Consumer electronics spending hits $144B in 2011
People shop more online, are buying tablets and e-readers, and continue to purchase Apple products at an increasing rate, says market researchers.
Recent news of Apple killing it with The NPD Group.and holiday spending showing more people was re-confirmed today by market research company
Their numbers show that these fourth-quarter trends actually held true for all of 2011.
According data crunched by NPD, U.S. consumer electronics sales reached $144 billion in 2011, with Apple topping as the No. 1 brand. Additionally, in-store sales fell by 2.5 percent in 2011, while online sales jumped by 7 percent.
The top five categories for electronic spending were PCs, TVs, tablets and e-readers, mobile phones, and video game hardware, which accounted for nearly 60 percent of all sales in 2011, according to NPD.
PCs (notebooks and desktops) generated the most revenue with almost $28 billion, or about 20 percent of sales. However, these numbers are actually down from 2010 by 3 percent. This may be accounted for by the growth of tablets and e-reader spending, which nearly doubled in sales to $15 billion in 2011.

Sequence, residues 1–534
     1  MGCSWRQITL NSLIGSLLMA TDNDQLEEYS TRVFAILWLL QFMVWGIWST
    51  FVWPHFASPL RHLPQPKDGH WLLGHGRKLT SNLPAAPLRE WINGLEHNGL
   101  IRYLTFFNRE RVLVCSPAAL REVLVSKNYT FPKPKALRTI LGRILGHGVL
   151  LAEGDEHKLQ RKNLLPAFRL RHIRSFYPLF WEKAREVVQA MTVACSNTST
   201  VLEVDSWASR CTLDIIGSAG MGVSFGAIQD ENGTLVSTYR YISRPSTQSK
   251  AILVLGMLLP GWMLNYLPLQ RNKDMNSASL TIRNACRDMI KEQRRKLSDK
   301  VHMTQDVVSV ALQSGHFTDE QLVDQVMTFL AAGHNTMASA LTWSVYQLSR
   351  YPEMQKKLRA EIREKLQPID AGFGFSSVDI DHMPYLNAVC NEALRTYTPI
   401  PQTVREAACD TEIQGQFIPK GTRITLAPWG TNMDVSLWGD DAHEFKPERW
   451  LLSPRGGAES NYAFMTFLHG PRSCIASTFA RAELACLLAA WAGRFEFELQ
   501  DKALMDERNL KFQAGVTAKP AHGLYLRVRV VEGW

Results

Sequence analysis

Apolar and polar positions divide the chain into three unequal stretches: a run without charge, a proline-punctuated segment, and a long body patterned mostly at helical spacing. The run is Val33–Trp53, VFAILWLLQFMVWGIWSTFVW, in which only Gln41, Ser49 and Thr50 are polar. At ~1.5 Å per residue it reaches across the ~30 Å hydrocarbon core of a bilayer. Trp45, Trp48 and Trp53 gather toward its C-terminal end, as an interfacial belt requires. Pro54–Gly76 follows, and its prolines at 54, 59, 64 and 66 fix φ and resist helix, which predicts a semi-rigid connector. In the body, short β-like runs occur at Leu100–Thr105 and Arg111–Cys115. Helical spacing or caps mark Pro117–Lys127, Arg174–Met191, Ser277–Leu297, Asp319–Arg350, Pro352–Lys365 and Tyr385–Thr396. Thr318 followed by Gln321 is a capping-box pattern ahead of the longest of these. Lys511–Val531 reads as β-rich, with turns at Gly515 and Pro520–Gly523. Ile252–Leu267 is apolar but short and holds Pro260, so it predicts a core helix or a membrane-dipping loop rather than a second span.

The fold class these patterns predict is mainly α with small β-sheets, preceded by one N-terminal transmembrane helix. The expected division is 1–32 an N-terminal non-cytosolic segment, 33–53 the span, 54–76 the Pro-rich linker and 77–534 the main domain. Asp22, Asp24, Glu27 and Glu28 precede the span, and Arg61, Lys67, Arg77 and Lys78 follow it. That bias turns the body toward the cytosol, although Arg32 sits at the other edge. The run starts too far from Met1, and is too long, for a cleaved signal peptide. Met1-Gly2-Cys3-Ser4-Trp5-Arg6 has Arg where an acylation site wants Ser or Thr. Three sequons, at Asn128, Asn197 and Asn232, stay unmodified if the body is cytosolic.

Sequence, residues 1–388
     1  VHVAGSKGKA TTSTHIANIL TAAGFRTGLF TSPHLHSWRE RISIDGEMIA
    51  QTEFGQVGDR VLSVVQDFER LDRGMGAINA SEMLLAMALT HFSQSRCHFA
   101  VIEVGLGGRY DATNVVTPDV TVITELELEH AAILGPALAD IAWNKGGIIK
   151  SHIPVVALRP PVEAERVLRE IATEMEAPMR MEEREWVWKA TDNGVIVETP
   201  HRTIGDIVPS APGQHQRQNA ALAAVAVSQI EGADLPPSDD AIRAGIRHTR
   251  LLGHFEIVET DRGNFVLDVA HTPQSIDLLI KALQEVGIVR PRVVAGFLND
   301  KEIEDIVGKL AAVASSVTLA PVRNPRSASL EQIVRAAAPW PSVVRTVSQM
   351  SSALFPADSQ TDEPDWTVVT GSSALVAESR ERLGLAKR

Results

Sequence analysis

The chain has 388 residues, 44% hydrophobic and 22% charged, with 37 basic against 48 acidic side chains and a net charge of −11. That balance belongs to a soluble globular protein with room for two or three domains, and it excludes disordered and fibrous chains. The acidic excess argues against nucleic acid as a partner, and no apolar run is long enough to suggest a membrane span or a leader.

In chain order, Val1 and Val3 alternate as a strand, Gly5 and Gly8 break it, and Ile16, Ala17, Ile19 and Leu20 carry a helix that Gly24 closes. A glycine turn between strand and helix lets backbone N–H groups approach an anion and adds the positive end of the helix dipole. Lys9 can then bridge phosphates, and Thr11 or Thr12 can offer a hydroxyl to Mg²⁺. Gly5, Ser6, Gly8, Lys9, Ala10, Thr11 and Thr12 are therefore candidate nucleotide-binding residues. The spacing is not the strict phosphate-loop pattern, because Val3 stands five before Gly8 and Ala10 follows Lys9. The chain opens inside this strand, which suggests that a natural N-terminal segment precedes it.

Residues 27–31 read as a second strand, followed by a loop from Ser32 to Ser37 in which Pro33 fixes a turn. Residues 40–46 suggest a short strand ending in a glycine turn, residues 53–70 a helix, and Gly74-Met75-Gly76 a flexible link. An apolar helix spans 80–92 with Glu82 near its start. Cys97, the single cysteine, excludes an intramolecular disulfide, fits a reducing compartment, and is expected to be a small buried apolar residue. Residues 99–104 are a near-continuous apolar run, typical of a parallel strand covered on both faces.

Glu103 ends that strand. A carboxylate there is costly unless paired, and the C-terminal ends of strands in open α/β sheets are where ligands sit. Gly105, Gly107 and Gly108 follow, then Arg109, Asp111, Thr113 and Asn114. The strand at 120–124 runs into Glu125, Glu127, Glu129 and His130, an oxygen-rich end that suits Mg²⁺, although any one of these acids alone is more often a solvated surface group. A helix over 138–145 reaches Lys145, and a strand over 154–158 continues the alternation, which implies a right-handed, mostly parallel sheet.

"U.S. hardware sales growth is becoming harder and harder to achieve at the broad industry level," NPD's Stephen Baker said in a statement. "Sales outside of the top five categories fell by 8 percent in 2011 as consumers shifted spending from older technologies to a narrow range of products."
For the second year in a row, Apple led the charge as the leading consumer electronics brand. In fact, among the top five brands it was the only one to increase sales from 2010. Overall, Apple had a 36 percent rise from 2010 and in the fourth quarter it made up 19 percent of all sales dollars--almost twice as much as number two Hewlett-Packard.
At the retail level, it was a repeat of 2010. Best Buy sold the most, followed by Wal-Mart and Apple, with Staples and Amazon tied for fourth place. Online, direct mail, and TV shopping sales accounted for 24 percent of all sales, which is up from 22 percent in 2010.
Although people purchased electronics at a fairly steady rate throughout 2011 and increases were seen in various divisions, overall electronic spending in the U.S. fell 0.5 percent from 2010, according to NPD.